Revealed - it's your next Commodore!

The Commodore you’ll be driving from early 2018 has been revealed. Is it worthy of the name?


THIS is the car Holden planned to reveal to the world in two days’ time - but has been forced to show off now.

The brand plan to release these images of the NG Commodore on December 9 was ruined when the car’s cover was prematurely blown.

Yesterday Australian media ran pictures from a photographer who’d snapped all-but-undisguised examples of the car during an apparent advertising photoshoot in the US.

Last night Holden decided it was pointless trying to keep it a secret so issued this selection of heavily photoshopped images – but with instruction to keep them under wraps until midday today.

We’re only seeing the hatchback. There’s also a wagon that Holden seems intent to seek to keep under wraps. That seems pointless. The load-all variant was also caught in the open by the pesky lensman – albeit in its full roadcar format, set to continue as a Sportwagon, and not in the elevated, all-wheel-drive Outback-style alternate that will return the Adventura nameplate to the showroom.

The photo debacle is the second media-associated headache that Holden has had. A story filed in October by a New Zealand journalist sent across the Tasman for a special early briefing about the car revealed more details than the brand wanted to be made public. The writer, who’d signed a confidentiality agreement, explained he’d become confused about what was supposed to be kept under wraps and what was not.

Along with the images, Holden has also delivered a few more details about a vehicle that brings so much change to this nameplate, revealing a basic descriptive of the active suspension and also telling the design story.

To recap, the NG car the most compact Commodore yet, in size so much shorter and lower than the current VF that it’s now more akin to a Mondeo. The car that says goodbye to rear drive and a V8 and hello to front- and four-wheel-drive, a four-cylinder entry petrol engine, a diesel and a flagship V6, though the latter is without the twin-turbocharging that was once hinted at, because those units cannot be made to fit under the long, lean bonnet!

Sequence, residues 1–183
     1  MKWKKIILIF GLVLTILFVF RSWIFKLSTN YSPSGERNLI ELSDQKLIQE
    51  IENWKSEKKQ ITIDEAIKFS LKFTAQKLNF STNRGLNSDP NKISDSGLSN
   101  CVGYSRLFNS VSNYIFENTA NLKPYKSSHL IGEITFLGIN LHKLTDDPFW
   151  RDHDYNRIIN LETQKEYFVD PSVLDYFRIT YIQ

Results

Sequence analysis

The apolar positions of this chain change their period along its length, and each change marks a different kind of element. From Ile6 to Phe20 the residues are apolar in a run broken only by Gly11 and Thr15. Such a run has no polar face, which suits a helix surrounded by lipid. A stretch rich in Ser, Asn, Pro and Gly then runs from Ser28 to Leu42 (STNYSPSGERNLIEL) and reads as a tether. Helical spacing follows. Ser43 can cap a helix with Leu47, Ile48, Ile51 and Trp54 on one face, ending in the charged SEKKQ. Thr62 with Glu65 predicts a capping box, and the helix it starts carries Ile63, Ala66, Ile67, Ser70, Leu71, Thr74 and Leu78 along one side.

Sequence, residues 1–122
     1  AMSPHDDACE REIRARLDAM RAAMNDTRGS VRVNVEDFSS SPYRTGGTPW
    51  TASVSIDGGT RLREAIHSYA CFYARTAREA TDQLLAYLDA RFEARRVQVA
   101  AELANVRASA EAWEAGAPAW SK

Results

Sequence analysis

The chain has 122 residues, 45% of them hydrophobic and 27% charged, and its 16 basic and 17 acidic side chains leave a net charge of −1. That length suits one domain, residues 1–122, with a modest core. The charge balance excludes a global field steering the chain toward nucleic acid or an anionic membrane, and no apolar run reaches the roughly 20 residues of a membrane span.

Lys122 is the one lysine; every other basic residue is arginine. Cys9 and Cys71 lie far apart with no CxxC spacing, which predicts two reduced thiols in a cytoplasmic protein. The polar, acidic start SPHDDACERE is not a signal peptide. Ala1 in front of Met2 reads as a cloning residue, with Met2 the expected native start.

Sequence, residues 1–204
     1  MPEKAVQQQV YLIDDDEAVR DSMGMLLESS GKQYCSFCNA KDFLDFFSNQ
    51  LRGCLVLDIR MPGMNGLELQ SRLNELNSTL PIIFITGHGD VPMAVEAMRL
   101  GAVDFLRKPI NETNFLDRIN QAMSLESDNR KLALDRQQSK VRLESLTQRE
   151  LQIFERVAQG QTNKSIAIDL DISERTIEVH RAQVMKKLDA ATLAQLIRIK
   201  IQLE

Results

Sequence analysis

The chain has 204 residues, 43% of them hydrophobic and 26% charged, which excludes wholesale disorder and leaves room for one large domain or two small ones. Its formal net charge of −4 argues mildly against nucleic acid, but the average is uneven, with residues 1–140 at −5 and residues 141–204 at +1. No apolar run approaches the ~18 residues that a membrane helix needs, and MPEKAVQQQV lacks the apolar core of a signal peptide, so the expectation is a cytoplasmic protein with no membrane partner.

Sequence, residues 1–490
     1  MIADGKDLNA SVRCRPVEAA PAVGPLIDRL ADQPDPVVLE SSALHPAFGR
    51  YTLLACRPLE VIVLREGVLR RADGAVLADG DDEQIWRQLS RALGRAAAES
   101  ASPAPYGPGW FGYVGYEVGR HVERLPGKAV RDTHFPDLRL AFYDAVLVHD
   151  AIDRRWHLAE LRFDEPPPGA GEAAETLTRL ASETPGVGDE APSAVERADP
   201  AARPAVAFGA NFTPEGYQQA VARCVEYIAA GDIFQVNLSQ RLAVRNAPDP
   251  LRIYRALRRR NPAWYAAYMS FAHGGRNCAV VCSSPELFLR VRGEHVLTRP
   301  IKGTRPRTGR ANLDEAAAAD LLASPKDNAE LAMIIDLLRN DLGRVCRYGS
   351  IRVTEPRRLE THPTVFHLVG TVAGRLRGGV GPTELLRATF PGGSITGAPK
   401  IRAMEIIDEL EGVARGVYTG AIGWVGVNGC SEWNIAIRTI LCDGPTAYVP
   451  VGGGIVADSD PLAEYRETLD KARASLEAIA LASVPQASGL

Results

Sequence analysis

Can you see this model fitting into your driveway, racing at Bathurst and being a continuing good fit as a front-line police patrol car (a role that, in order to stay sweet with this key contract, it undertakes here from late next year, perhaps up to two months ahead of the official on sale to the public)?

Holden New Zealand, of course, is beating the drum loudly and seeking to enforce that while the donor for what it is calling a “sleek and sophisticated design” is the Opel Insignia, coming on sale in Europe from the start of the year, the design had input from GM Holden Australia.

However, unsurprisingly Melbourne – like Russelsheim – has credited the design as being based on an Opel study, the ‘Monza’ Concept car, which the world first saw at the 2013 Frankfurt motor show. 

The photos also show that our in-house illustrator, Josh Byrnes, was pretty much on target with the sneak preview image we published back in July. Some of the detailing is different, but the overall shape and stance was spot-on.

The prominent front grille and the slim-line headlamps are plucked directly from the styling study. Holden says they enhance the wide horizontal gesture of the front end and provide it with a bold appearance. The grille sits lower than on the current model and further emphasises the solid stance.